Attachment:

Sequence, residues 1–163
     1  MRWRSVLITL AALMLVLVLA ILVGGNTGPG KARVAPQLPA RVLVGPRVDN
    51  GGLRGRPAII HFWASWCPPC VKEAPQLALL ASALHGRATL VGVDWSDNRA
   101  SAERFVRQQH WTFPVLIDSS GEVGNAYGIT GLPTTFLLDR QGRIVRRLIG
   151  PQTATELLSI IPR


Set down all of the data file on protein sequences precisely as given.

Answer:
Sequence, residues 1–163
     1  MRWRSVLITL AALMLVLVLA ILVGGNTGPG KARVAPQLPA RVLVGPRVDN
    51  GGLRGRPAII HFWASWCPPC VKEAPQLALL ASALHGRATL VGVDWSDNRA
   101  SAERFVRQQH WTFPVLIDSS GEVGNAYGIT GLPTTFLLDR QGRIVRRLIG
   151  PQTATELLSI IPR